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[货币和银行] [专题系列] ECB 终于把名义利率降为负值了!(附重要文献11篇,免费)   [分享]

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wwqqer 在职认证  发表于 2014-6-6 02:35:08 |显示全部楼层
ECB 终于把名义利率降为负值了!不仅如此,ECB还提供400Billion欧元的贷款。其实ECB早就应该行动,不应该拖到现在。ECB实施QE难度很大,所以负利率是一个不是办法的办法。

这里是Bloomberg上
两篇文章(附关于ECB货币政策重要文献11篇,免费),写的不错,推荐给大家!


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大牛Paul Krugman:日本,对不起!


Less Than Zero: When Interest Rates Go Negative

by Jana Randow, June 5, 2014

InterestRates3.png

Imagine a bank that pays negative interest. Depositors are actually charged to keep their money in an account. Crazy as it sounds, the European Central Bank has cut a key interest rate below zero, the first major central bank to venture into negative territory. It’s one way to try to reinvigorate an economy with other options exhausted. It’s an unorthodox choice that the U.S. Federal Reserve and other peers have so far rejected.

The Situation

ECB officials say more stimulus is needed to prevent a slide into deflation, or a spiral of falling prices that could derail the recovery. The bank cut its deposit rate to minus 0.1 percent from zero and reduced its benchmark interest rate to a record-low 0.15 percent. A negative deposit rate helps the economy by pushing the euro lower. There’s also sluggish demand for loans in the euro zone, where unemployment is stuck near its highest level since the currency bloc was formed in 1999.

The bank’s president, Mario Draghi, has been floating the idea of charging lenders to park their excess reserves at the ECB for almost two years. Cutting the deposit rate below zero effectively punishes banks that have extra cash but are reluctant to extend credit to weaker lenders. The ECB has particular reason to use negative interest rates. The Fed and the Bank of Japan have turned to large-scale asset purchases, known as quantitative easing, that create new money to fuel the recovery. European Union rules make it politically difficult for the ECB to buy large volumes of government bonds, though it is offering more liquidity to banks and will start work on plans to purchase asset-backed securities.

The Background

With interest rates at all of the world’s major central banks effectively at bottom, officials are looking again at what’s sometimes called the sacred “lower bound” of their main monetary policy tool. Negative deposit rates have been used by a handful of smaller central banks in recent years, including Sweden’s, which conducted a 14-month experiment in 2009-2010. Denmark moved below zero in July 2012 — though the cut was aimed more at protecting its currency than stimulating growth — and ended the policy in April. There is no guarantee that negative rates will be able to revive an entire economy or work in one as large as the euro area. During the height of Europe’s sovereign debt crisis almost two years ago, Draghi pledged to do “whatever it takes” to save the area’s common currency, signaling the ECB’s willingness to experiment with monetary policy.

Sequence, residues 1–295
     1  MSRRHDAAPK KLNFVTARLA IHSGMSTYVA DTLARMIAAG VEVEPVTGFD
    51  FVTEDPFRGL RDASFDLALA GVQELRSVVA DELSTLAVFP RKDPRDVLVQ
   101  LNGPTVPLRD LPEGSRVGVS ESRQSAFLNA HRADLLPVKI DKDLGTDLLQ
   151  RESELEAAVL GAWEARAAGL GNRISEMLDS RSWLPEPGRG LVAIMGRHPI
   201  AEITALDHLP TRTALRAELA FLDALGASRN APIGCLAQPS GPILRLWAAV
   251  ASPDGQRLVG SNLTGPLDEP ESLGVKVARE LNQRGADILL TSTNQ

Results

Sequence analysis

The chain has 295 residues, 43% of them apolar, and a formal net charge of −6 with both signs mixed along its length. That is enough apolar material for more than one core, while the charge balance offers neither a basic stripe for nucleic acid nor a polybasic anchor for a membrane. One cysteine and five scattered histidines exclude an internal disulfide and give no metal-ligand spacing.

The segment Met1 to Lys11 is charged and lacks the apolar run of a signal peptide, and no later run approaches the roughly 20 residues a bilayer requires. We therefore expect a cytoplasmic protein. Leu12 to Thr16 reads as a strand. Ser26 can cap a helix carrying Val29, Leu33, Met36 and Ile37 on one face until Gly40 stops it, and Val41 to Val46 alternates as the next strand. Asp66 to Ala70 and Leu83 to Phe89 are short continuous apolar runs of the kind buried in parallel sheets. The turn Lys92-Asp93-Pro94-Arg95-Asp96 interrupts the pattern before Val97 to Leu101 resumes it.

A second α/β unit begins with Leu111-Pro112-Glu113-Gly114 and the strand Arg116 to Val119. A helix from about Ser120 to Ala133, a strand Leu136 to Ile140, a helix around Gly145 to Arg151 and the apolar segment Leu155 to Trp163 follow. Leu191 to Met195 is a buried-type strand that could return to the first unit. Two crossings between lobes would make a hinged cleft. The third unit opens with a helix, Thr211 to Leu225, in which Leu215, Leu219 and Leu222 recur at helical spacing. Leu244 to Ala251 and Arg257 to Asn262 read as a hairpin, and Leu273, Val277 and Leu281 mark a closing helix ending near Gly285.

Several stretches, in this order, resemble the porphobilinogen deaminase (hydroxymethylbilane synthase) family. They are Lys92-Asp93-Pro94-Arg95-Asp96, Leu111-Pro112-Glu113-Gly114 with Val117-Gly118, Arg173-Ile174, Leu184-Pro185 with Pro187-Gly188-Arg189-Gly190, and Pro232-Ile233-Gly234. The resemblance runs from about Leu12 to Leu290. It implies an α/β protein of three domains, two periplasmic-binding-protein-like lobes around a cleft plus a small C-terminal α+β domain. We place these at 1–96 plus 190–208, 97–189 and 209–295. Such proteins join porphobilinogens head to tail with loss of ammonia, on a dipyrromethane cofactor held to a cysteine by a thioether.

The Argument

In theory, an interest rate below zero should lower all market rates, thus also reducing borrowing costs for companies and households. In practice, though, there’s a risk that the policy might do more harm than good. Janet Yellen, the Fed chair, said at her confirmation hearing Nov. 14 that the closer the deposit rate is to zero, the bigger the risk of disruption to the money markets that help fund banks. (The Fed pays 0.25 percent on excess reserves.)  In Denmark, commercial banks didn’t pass on the negative rates to depositors for fear of losing customers.  When banks absorb the costs themselves, it squeezes the profit margin between their lending and deposit rates, and might make them even less willing to lend.



Europe's QE Quandary: The ECB Seeks Options to Aid Economy
by Jana Randow, June 5, 2014

ECB-balance-sheet-grafic.png

It’s the new conventional wisdom: When all else fails to make economies grow, create new money and buy government bonds. That’s the formula dubbed quantitative easing, or QE. Most economists think it helped keep the U.S. and the other countries that used it — Japan and the U.K. — from tumbling into a catastrophic depression. Shouldn’t Europe try it, too? It’s difficult for the 18-nation euro area to do the same thing, partly because of European Union rules. But now that the European Central Bank has exhausted most other options, it’s moving closer to asset purchases and pressing ahead with other QE-like moves to get more cash into the economy.

The Situation

With Europe’s fragile recovery lagging the rest of the world and inflation running at less than half the target, the ECB unveiled an unprecedented round of measures on June 5, becoming the first major central bank to take one of its main interest rates below zero.  It also opened a 400-billion-euro ($542 billion) liquidity channel designed to rekindle credit flows. Financial institutions will be able to borrow an amount equivalent to 7 percent of their outstanding loans and from March 2015, as much as three times the amount of their net lending to euro-area companies.